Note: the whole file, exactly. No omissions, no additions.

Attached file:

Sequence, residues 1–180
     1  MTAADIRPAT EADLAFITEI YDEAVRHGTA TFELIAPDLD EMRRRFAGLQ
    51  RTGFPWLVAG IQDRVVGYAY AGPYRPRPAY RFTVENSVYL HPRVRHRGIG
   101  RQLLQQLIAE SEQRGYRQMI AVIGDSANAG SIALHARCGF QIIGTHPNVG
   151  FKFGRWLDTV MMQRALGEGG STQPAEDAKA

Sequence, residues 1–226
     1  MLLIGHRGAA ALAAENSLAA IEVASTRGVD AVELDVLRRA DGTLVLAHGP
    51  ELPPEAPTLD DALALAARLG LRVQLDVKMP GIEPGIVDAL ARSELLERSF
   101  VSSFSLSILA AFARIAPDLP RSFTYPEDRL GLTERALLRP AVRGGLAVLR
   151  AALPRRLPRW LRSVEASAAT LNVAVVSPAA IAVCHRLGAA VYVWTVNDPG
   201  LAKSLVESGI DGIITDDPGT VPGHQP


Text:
Sequence, residues 1–180
     1  MTAADIRPAT EADLAFITEI YDEAVRHGTA TFELIAPDLD EMRRRFAGLQ
    51  RTGFPWLVAG IQDRVVGYAY AGPYRPRPAY RFTVENSVYL HPRVRHRGIG
   101  RQLLQQLIAE SEQRGYRQMI AVIGDSANAG SIALHARCGF QIIGTHPNVG
   151  FKFGRWLDTV MMQRALGEGG STQPAEDAKA

Sequence, residues 1–226
     1  MLLIGHRGAA ALAAENSLAA IEVASTRGVD AVELDVLRRA DGTLVLAHGP
    51  ELPPEAPTLD DALALAARLG LRVQLDVKMP GIEPGIVDAL ARSELLERSF
   101  VSSFSLSILA AFARIAPDLP RSFTYPEDRL GLTERALLRP AVRGGLAVLR
   151  AALPRRLPRW LRSVEASAAT LNVAVVSPAA IAVCHRLGAA VYVWTVNDPG
   201  LAKSLVESGI DGIITDDPGT VPGHQP